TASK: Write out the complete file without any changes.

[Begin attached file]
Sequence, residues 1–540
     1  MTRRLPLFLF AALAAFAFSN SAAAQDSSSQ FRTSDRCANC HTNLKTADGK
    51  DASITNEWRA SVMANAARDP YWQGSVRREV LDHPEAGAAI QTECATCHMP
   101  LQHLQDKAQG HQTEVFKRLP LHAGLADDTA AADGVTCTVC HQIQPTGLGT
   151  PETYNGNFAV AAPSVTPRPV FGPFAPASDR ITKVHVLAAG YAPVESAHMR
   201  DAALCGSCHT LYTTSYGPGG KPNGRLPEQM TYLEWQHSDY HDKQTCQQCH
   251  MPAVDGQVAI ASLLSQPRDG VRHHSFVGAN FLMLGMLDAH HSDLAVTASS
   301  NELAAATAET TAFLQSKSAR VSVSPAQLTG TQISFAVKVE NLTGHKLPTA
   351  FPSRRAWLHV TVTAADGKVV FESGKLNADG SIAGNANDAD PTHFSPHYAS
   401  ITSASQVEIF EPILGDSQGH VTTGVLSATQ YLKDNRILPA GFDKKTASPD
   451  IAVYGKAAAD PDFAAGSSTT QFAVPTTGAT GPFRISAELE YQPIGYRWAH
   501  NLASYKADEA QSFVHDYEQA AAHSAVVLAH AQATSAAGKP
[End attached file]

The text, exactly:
Sequence, residues 1–540
     1  MTRRLPLFLF AALAAFAFSN SAAAQDSSSQ FRTSDRCANC HTNLKTADGK
    51  DASITNEWRA SVMANAARDP YWQGSVRREV LDHPEAGAAI QTECATCHMP
   101  LQHLQDKAQG HQTEVFKRLP LHAGLADDTA AADGVTCTVC HQIQPTGLGT
   151  PETYNGNFAV AAPSVTPRPV FGPFAPASDR ITKVHVLAAG YAPVESAHMR
   201  DAALCGSCHT LYTTSYGPGG KPNGRLPEQM TYLEWQHSDY HDKQTCQQCH
   251  MPAVDGQVAI ASLLSQPRDG VRHHSFVGAN FLMLGMLDAH HSDLAVTASS
   301  NELAAATAET TAFLQSKSAR VSVSPAQLTG TQISFAVKVE NLTGHKLPTA
   351  FPSRRAWLHV TVTAADGKVV FESGKLNADG SIAGNANDAD PTHFSPHYAS
   401  ITSASQVEIF EPILGDSQGH VTTGVLSATQ YLKDNRILPA GFDKKTASPD
   451  IAVYGKAAAD PDFAAGSSTT QFAVPTTGAT GPFRISAELE YQPIGYRWAH
   501  NLASYKADEA QSFVHDYEQA AAHSAVVLAH AQATSAAGKP